The new center will bring together experts in physics, optics, chemistry, biomedicine and bioengineering to expand the research and technology commercialization of fuel cells, biosensors and other high-tech devices important to industry, medicine, national security, and the economy.
“Thanks to the incredible leadership of Congresswoman Louise Slaughter, this impressive, state-of-the-art facility will be a source of innovation and commercialization for the Rochester region and New York State,” said University President Joel Seligman. “The Nanosystems Center offers unprecedented capabilities in nanoscience research that will build on our historic strengths, encourage the development of new technologies, and facilitate collaborations with industry.”
The Integrated Nanosystems Center consists of a 1,000 square-foot metrology (measurement) facility and a 2,000 square-foot, cleanroom fabrication facility. The cleanroom lab was designed and equipped in a way that ensures it is virtually free of dust, foreign particles, and chemical vapors. Congresswoman Slaughter secured a total of $4.4 million in federal money across three funding cycles to make the project possible.
“I am very pleased to be back at UR today to see the results of the work we started in 2007. Back then the University approached me with the dream of having a state-of-the-art cleanroom and lab that would allow them to train the next generation of scientists and engineers in nanotechnology and contribute immediately to our knowledge in this important area,” said Slaughter. “I’m particularly excited because I know that this lab will create jobs, not only in the lab itself, but also in new companies catalyzed by the research taking place in the lab.”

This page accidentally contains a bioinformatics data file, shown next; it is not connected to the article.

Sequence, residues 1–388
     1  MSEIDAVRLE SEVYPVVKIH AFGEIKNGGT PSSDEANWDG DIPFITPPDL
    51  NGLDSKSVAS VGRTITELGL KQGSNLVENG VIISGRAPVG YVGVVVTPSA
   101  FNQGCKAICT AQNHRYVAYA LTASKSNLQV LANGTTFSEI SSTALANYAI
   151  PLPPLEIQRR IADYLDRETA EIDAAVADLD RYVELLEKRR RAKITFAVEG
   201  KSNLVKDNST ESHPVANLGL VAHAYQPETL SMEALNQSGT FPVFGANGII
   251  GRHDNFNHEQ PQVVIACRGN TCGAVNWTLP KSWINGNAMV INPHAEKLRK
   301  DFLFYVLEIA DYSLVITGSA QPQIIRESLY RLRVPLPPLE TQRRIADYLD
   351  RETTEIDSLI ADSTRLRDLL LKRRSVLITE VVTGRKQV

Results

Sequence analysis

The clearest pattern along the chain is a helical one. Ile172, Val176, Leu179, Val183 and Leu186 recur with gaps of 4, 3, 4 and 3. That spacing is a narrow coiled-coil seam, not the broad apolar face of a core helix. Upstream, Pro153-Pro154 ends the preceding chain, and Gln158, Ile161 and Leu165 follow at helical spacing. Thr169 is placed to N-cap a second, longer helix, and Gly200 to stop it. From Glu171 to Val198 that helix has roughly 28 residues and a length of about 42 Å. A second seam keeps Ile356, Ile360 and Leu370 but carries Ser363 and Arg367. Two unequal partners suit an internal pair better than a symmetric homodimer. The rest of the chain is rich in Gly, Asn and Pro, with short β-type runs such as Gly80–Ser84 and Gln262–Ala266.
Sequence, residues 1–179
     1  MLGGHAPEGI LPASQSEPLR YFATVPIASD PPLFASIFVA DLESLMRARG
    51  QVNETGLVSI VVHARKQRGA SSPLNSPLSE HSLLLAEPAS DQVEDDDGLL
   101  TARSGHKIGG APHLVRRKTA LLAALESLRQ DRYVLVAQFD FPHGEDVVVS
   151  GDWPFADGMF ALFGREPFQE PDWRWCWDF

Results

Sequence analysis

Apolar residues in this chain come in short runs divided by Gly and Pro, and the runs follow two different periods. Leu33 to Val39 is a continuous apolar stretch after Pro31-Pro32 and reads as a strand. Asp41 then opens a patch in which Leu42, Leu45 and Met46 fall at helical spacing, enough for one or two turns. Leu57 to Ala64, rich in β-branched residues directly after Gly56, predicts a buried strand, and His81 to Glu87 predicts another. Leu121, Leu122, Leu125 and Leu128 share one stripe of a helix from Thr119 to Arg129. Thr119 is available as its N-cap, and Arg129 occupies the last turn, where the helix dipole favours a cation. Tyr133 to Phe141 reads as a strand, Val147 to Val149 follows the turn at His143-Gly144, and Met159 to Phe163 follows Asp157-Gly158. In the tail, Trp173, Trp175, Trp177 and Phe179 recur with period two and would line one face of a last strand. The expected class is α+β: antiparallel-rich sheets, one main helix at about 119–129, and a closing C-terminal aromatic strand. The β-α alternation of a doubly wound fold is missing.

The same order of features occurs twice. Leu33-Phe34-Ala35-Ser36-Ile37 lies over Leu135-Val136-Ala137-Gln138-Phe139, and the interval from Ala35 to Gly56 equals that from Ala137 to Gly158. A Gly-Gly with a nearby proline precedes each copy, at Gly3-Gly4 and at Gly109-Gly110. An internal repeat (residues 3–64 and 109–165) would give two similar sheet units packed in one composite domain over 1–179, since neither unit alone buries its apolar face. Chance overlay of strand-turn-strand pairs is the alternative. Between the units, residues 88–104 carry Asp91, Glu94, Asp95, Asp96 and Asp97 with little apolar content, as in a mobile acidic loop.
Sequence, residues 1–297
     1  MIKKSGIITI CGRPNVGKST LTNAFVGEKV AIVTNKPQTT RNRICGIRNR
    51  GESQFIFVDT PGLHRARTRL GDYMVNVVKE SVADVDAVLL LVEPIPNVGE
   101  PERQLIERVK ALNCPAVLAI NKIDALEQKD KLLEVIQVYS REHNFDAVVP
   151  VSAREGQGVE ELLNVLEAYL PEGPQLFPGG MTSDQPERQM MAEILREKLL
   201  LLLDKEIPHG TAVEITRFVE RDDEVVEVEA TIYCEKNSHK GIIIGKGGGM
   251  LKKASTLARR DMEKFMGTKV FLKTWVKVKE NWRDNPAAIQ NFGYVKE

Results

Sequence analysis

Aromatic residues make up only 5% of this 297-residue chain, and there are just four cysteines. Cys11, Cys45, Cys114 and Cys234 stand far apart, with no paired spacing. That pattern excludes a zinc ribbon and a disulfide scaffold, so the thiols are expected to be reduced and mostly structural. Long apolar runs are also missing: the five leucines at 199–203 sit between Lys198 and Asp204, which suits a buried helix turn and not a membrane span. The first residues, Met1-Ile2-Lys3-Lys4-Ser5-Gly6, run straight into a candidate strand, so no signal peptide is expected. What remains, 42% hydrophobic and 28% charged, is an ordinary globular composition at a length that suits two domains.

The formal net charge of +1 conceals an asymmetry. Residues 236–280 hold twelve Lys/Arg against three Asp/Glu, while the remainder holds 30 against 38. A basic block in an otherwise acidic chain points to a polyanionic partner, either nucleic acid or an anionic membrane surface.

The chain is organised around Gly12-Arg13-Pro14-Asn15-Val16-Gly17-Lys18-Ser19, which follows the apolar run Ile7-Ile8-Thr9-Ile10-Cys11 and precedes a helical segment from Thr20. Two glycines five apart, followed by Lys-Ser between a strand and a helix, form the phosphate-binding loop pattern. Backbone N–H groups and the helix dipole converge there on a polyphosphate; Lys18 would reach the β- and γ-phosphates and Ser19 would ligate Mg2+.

Nanotechnology is important to a wide range of fields, including the development of energy systems and bio-sensors. Advanced fuel cell and battery designs, which promise greater portability and less frequent recharging, can be applied to mobile communications, GPS systems, computers, and night vision devices. Biosensors with embedded nanosystem components can be used to detect biological warfare agents, such as anthrax, at very low concentrations.
“URnano will complement nanotechnology research at other New York State universities, such as Albany, Cornell, and Rensselaer Polytechnic Institute,” said Nicholas Bigelow, the Lee A. DuBridge Professor of Physics, department chair, and Director of URnano. “The nanosystem programs at the University of Rochester are unique because they allow for the production of high temperature nanomaterials and incorporate the University’s expertise in optics and optical device technology.”
URnano is part of the Hajim School of Engineering and Applied Sciences.
Photo credit: J. Adam Fenster